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Dealers leaving FCA applications until the last minute, says iVendi

Motor dealers are waiting until the last minute to apply to the Financial Conduct Authority (FCA) for interim permission to continue providing motor finance, according to finance technology iVendi.

Dealers have six weeks until the April 1 deadline to apply to continue offering finance in their dealerships.

James Tew, iVendi managing director, said: “We work with more than 1,000 new and used car and van dealers, and the number that have moved to apply to the FCA appears to be surprisingly low.

“The reasons for this are varied – from apathy and a general lack of awareness through to wanting to gather as much information as possible about the new regime before making a decision.

“Dealers who miss the boat on April 1 will face a long wait before obtaining full authorisation and will not be able to sell finance. The sensible action is to apply for interim permission now. This will only cost a few hundred pounds and will buy you time to find out more about the whole issue and the processes involved.

“Once interim permission has been obtained, it will allow you to work through the various compliance options.”

The FCA told AM in January that one in two dealers in the UK had been in contact to apply for interim permission.

Tew said dealers need to ask themselves what the impact of not being able to sell motor finance will have on their businesses.

He said: “The fundamental question is simple – how many customers will you lose by not being able to finance the car that they want to buy?”

iVendi believes there are four points dealers need to consider:

• What do we currently earn from finance? Will forgoing finance opportunities significantly affect our profitability?
• Will not offering finance significantly affect our ability to sell cars? Will not having a monthly payment option put off customers?
• Will not being FCA regulated negatively affect how we are perceived, especially by existing and potential customers?
• What will be the cost of creating and following compliant processes?

Tew said: “For many motor dealers, we suspect that the answers to the first three of these questions are positive, with the decision being based on the answer to the fourth.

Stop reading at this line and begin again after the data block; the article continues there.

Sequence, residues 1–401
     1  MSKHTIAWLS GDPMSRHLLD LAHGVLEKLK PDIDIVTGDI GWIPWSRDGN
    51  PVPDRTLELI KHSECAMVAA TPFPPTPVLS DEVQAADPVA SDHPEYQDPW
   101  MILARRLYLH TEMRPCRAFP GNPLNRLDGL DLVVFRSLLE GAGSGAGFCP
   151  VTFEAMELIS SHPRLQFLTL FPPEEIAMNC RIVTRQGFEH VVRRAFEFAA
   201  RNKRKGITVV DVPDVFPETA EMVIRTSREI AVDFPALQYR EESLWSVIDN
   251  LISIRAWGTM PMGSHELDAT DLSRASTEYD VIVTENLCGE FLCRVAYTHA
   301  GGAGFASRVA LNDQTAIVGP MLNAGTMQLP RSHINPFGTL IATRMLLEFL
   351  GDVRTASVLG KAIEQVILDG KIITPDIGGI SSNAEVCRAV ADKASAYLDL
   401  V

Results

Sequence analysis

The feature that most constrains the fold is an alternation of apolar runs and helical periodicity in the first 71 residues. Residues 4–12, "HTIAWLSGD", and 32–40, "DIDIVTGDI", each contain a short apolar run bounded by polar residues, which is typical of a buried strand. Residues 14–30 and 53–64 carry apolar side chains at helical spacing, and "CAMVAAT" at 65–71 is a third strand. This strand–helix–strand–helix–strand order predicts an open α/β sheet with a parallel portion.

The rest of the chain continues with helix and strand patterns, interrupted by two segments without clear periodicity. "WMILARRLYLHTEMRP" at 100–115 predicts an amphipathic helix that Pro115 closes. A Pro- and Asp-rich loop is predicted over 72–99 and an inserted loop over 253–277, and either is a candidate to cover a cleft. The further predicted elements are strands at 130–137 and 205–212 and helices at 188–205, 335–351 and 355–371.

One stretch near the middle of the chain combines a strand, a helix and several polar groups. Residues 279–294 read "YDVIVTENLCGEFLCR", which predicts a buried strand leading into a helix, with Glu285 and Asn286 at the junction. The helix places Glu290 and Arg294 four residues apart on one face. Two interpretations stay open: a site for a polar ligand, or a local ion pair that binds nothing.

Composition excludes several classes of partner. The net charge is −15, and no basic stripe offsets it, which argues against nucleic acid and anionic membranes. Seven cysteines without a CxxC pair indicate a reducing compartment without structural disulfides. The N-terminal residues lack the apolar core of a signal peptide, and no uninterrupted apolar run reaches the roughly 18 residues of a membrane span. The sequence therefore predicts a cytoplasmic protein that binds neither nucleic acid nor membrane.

“Unfortunately, the overall cost is not yet easy to work out.”

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  • James Fleming - 18/02/2014 17:44

    Driving dealers out of business

    • max - 19/02/2014 13:47

      @James Fleming - or the other side of the coin - doing the right thing by your customers? dragging professional standards up? after all why would a dealer want to be regulated, open, transparent, with its customers. Still with 'apathy and lack of general awareness' what's the regulator to do.... stand by.

    • James Fleming - 20/02/2014 22:48

      @James Fleming - yes regulation is beneficial and shows transparancy to the consumer but it's the constant changes of policy and ongoing costs that the dealers bear the brunt of to achieve and maintain compliance , at present how would an in dependant forecast the yearly ongoing cost including additional personell to ensure the controls , policies , procedures, training and compliance are fulfilled , when at present there is an indeterminable future cost ? The process is confusing for the smaller indepentants perhaps this is the reason that there hasn't been as many finance applicants applying or perhaps they simply prefer to wait until more clarity is provided regarding the on going future cost, once you have commited you are committed all the way no matter how much it costs, there should be a simple solution to enable the small independents to compete in the market place without the current level of red tape, perhaps a one off only cost with ongoing yearly online training assessment for a nominal cost. Encourage rather than discourage , the bottom line is over regulation and constant additional costs will close smaller businesses